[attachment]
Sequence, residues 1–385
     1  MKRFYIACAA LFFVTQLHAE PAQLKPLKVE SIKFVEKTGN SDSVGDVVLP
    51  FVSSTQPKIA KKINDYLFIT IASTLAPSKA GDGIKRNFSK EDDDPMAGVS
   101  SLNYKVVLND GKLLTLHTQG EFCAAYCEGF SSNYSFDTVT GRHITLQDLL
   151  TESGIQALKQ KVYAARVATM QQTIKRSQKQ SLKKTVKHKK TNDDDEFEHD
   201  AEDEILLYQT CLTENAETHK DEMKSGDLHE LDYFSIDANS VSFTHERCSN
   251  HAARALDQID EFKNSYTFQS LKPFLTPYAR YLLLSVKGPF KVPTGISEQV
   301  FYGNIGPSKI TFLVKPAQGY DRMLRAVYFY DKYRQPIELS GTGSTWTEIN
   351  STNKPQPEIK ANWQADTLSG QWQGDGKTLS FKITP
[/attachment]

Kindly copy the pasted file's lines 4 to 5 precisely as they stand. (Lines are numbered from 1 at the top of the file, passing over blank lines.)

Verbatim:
   101  SLNYKVVLND GKLLTLHTQG EFCAAYCEGF SSNYSFDTVT GRHITLQDLL
   151  TESGIQALKQ KVYAARVATM QQTIKRSQKQ SLKKTVKHKK TNDDDEFEHD